Abstract: Friction stir processing (FSP), developed based on the basic principles of friction stir welding (FSW), a solid-state joining process originally developed for aluminum alloys, is an emerging metalworking technique that can provide localized modification and control of microstructures in near-surface layers of processed metallic components. The FSP causes intense plastic deformation, material mixing, and thermal exposure, resulting in significant microstructural refinement, densification, and homogeneity of the processed zone. The FSP technique has been successfully used for producing the fine-grained structure and surface composite, modifying the microstructure of materials, and synthesizing the composite and intermetallic compound in situ. In this review article, the current state of the understanding and development of FSP is addressed.
TL;DR: Friction stir welding (FSW) is a widely used solid state joining process for soft materials such as aluminium alloys because it avoids many of the common problems of fusion welding as mentioned in this paper.
Abstract: Friction stir welding (FSW) is a widely used solid state joining process for soft materials such as aluminium alloys because it avoids many of the common problems of fusion welding. Commercial feasibility of the FSW process for harder alloys such as steels and titanium alloys awaits the development of cost effective and durable tools which lead to structurally sound welds consistently. Material selection and design profoundly affect the performance of tools, weld quality and cost. Here we review and critically examine several important aspects of FSW tools such as tool material selection, geometry and load bearing ability, mechanisms of tool degradation and process economics.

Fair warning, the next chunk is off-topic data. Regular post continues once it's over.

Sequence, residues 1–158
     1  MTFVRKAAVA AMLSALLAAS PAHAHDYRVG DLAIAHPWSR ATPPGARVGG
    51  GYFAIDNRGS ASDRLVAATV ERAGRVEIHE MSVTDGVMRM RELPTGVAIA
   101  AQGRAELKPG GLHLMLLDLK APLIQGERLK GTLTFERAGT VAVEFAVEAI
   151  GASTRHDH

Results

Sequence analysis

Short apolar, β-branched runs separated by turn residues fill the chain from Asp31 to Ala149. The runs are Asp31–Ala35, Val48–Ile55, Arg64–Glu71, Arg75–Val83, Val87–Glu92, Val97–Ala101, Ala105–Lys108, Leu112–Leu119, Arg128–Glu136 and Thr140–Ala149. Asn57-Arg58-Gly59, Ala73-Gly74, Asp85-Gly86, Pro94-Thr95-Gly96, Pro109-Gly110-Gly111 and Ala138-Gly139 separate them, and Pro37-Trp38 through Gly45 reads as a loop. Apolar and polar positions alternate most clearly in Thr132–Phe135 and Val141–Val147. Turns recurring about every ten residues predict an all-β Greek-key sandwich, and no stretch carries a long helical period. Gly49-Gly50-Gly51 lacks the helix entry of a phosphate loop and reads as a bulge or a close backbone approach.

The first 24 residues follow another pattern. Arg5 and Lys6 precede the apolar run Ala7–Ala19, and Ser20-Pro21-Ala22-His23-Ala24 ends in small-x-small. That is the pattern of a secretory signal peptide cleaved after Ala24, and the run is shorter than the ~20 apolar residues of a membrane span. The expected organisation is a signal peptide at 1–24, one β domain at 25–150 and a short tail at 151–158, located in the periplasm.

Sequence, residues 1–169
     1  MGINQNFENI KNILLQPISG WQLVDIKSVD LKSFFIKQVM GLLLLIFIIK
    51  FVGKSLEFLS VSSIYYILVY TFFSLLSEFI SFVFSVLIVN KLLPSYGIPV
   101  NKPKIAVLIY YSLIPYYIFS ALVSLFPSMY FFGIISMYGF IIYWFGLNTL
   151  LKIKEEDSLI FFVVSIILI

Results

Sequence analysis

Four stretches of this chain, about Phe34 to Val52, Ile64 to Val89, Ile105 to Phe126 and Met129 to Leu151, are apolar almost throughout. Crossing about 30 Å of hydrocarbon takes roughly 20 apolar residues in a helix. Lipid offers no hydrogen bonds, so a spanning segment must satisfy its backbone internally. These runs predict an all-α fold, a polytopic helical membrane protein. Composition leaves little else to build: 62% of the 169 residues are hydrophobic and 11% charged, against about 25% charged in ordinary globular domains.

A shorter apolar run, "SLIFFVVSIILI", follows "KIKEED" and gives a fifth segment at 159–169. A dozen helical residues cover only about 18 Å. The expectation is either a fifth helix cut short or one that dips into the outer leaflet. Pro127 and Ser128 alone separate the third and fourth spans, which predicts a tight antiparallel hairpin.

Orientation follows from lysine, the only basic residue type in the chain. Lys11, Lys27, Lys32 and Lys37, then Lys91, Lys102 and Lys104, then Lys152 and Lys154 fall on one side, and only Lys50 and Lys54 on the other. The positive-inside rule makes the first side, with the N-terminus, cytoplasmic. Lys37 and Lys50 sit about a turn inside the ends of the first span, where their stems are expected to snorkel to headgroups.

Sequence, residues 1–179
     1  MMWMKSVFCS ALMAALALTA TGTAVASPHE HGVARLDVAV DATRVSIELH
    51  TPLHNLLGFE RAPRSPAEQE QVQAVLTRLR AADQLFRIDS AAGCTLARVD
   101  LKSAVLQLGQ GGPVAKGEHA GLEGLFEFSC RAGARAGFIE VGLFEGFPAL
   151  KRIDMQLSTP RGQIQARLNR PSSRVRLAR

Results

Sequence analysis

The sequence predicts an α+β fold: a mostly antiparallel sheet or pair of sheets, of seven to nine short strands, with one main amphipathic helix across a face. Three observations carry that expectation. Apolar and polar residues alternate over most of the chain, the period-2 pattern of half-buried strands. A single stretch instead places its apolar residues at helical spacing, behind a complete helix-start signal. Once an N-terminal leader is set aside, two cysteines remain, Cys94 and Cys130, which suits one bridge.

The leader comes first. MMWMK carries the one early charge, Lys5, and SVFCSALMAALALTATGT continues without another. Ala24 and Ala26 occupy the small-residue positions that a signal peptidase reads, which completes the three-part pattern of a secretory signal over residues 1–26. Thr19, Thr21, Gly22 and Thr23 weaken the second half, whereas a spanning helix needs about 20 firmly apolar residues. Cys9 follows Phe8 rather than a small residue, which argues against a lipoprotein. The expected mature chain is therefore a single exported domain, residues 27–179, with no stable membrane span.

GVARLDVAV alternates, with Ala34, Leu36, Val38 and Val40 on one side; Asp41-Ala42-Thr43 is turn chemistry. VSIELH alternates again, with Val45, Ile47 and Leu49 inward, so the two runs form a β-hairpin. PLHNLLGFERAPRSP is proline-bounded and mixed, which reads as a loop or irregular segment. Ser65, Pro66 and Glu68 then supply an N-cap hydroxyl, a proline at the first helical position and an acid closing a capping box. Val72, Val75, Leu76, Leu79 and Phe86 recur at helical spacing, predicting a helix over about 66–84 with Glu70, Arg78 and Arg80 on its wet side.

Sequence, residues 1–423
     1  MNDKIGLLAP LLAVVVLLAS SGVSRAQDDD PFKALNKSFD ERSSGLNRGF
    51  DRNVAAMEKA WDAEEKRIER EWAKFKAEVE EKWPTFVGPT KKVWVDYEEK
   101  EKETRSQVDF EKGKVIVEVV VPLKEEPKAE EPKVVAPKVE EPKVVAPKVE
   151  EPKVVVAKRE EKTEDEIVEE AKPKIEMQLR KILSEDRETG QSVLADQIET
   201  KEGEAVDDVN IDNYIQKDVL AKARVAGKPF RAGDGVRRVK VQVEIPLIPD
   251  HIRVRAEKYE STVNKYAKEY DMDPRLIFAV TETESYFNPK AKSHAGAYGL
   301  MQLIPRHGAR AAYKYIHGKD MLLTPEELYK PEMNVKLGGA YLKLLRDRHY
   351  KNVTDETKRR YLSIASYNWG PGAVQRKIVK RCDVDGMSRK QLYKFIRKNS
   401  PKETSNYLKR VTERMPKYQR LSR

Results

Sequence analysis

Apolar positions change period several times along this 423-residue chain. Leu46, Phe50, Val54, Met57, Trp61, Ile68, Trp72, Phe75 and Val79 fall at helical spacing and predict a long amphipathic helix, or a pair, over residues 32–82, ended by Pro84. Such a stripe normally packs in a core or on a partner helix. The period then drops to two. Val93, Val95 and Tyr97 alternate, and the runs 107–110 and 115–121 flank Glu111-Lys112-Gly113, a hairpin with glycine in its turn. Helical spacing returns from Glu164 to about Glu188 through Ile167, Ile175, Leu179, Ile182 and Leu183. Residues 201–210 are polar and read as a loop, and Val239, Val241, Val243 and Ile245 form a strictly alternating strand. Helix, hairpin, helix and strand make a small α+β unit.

TL;DR: In this article, two fine-grained 7075Al alloys with a grain size of 3.8 and 7.5 μm were subjected to friction stir processing (FSP) with different processing parameters.
Abstract: Commercial 7075Al rolled plates were subjected to friction stir processing (FSP) with different processing parameters, resulting in two fine-grained 7075Al alloys with a grain size of 3.8 and 7.5 μm. Heat treatment at 490 °C for 1 h showed that the fine grain microstructures were stable at high temperatures. Superplastic investigations in the temperature range of 420–530 °C and strain rate range of 1×10−3–1×10−1 s−1 demonstrated that a decrease in grain size resulted in significantly enhanced superplasticity and a shift to higher optimum strain rate and lower optimum deformation temperature. For the 3.8 μm 7075Al alloy, superplastic elongations of >1250% were obtained at 480 °C in the strain rate range of 3×10−3–3×10−2 s−1, whereas the 7.5 μm 7075Al alloy exhibited a maximum ductility of 1042% at 500 °C and 3×10−3 s−1. The analyses of the superplastic data for the two alloys revealed a stress exponent of 2, an inverse grain size dependence of 2, and an activation energy close to that for grain boundary self-diffusion. This indicates that grain boundary sliding is the main deformation mechanism for the FSP 7075Al. This was verified by SEM examinations on the surfaces of deformed specimens.